The man has forgotten more about baseball than most of us will ever know. He's steeped in anecdotes about players both past and present, and listening to him wax poetic about a funny moment or a dramatic play is truly a treat for those of us who love the game.
On top of that he's still a sharp baseball mind, who pays attention to what's going on in the game and does so much homework that often he'll be able to give you a full bio on players who don't even play for the Dodgers.
In an era of broadcasting that is fully in love with the three man booth and semi-illiterate former players as color commentators, Scully commands his one man show like no other.
As much as I hate the Dodgers and all that they stand for on the field of play, it is an honor to sit down to a Giants/Dodgers tilt with Scully behind the mic.
Mike Krzyzewski - Head Coach:
As fully annoying as I happen to find the Duke players, their head coach is another matter completely.
Krzyzewski is the model of what a collegiate coach should be. Dignified, classy, intense and a wonderful teacher of the game. Coach K is as interested in growing quality young men as he is in developing big time basketball players.
On the court, his pressure defense and precision offense are what make the collegiate game stand out from it's professional brethren, and no one does it better.
There are a few coaches in big time collegiate athletics who I would gladly send my child to play for, safe in the knowledge that they will truly get an education in both sports and life. Tennessee's Pat Summitt, Washington's Tyrone Willingham and Zrzyzewski would top that list.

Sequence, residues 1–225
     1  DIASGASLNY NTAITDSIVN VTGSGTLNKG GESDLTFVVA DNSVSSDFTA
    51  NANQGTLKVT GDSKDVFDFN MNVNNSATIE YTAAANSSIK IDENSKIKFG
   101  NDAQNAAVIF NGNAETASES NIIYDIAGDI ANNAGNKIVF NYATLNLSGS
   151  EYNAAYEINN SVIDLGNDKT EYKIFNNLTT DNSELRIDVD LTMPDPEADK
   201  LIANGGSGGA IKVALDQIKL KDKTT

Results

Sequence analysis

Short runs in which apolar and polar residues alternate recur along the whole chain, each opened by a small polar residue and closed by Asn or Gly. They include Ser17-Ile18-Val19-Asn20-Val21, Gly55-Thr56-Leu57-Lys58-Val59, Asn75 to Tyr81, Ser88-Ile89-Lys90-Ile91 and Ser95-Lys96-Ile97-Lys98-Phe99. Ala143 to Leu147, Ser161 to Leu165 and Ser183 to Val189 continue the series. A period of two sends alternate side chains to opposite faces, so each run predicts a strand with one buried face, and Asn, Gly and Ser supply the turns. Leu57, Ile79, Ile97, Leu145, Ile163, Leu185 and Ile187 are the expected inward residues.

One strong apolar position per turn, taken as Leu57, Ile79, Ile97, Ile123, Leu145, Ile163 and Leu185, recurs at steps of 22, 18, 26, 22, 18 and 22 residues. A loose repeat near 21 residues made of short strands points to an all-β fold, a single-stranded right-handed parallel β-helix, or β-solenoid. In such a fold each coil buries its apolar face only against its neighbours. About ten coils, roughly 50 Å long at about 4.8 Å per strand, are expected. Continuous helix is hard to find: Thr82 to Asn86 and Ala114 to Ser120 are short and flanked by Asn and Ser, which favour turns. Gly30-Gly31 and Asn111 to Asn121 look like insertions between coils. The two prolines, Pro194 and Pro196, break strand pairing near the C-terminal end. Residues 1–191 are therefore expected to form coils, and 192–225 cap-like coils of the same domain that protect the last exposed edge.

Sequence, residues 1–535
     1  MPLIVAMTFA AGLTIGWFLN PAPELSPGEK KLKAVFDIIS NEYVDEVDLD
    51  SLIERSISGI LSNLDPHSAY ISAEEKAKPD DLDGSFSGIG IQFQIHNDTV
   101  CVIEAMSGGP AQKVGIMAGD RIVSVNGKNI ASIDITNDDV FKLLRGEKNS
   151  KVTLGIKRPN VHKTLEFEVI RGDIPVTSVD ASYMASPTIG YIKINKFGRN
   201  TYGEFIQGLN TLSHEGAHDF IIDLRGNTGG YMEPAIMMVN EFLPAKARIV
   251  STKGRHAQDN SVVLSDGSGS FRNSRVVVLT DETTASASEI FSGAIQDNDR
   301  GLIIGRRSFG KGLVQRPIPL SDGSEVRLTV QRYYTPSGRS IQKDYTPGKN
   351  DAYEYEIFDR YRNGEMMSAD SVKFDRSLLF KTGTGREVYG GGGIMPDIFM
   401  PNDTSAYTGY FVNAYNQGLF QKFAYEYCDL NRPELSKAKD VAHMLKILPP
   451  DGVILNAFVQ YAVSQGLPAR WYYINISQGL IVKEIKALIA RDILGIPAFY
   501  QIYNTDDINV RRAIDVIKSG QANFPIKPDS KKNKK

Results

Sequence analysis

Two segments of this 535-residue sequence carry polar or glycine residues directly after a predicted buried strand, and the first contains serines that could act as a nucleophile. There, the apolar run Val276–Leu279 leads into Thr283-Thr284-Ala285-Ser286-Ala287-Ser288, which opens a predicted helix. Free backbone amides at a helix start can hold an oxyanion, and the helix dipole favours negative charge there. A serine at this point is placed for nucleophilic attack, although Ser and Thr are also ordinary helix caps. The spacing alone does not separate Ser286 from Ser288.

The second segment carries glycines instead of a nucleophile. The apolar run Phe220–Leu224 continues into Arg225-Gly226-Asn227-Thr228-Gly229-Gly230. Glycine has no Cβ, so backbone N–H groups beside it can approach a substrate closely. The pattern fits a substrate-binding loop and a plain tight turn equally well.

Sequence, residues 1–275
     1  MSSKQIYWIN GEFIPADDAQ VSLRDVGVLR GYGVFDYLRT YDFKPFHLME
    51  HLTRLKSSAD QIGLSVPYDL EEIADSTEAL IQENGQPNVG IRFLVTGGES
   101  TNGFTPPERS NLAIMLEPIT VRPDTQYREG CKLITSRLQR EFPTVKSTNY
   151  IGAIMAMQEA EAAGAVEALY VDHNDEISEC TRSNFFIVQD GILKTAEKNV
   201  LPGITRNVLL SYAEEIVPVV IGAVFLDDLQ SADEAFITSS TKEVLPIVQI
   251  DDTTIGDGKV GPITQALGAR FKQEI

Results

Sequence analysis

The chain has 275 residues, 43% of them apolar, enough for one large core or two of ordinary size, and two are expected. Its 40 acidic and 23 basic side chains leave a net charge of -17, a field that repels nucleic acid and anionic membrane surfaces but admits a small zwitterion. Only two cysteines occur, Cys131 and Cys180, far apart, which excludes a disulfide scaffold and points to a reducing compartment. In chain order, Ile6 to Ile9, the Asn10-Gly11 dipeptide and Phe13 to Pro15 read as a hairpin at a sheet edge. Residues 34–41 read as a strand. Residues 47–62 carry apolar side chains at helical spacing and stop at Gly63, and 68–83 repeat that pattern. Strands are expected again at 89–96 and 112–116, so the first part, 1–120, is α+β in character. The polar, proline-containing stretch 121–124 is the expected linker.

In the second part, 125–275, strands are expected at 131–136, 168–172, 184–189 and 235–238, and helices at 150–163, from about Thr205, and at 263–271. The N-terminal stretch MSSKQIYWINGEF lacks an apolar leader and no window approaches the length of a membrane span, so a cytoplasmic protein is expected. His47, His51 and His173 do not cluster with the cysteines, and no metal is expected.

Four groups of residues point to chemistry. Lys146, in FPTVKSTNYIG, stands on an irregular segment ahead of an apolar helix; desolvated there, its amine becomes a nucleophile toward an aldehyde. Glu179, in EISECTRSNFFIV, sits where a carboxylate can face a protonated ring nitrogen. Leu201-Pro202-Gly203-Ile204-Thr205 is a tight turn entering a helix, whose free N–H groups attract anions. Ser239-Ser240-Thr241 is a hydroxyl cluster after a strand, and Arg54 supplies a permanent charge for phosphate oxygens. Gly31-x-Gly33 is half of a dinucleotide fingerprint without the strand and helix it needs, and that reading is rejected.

Too many coaches are in it to win at any cost and in the process neglect to give all of their kids, from the stars to the walk-ons, the best of themselves as people. This is not the case with Coach K, which you can tell by the relationships he keeps with his former players.
Few things in sports bug me like watching Duke trampling ACC opponents, but I can certainly appreciate the efforts of Coach K both on and off the court.
Tiger Woods - #1 Golfer in the World:
This one proves that even the best have at least one fatal flaw, and for the greatest golfer of all time (that's right, I said it), it happens to be his choice of school.
If you've read my blog at all you know how much I love to watch Woods play and he is easily one of my top 5 athletes of all time. Still, it irks me that of all the places in the world (or the West Coast for that matter), Woods chose to go to Stanford.
I suppose I understand the decision given the school's prowess on the national collegiate golfing scene, but that doesn't excuse the lapse in judgment.
You don't need me to tell you about all the amazing things Woods has accomplished on the golf course, and for all the scrutiny he gets for not taking many political stances off of it, his Tiger Woods Foundation has done more to help kids around the country than most star athletes.
Even though watching him freak out during the Stanford/Arizona basketball game in 2004 was truly annoying, Woods is the man without question.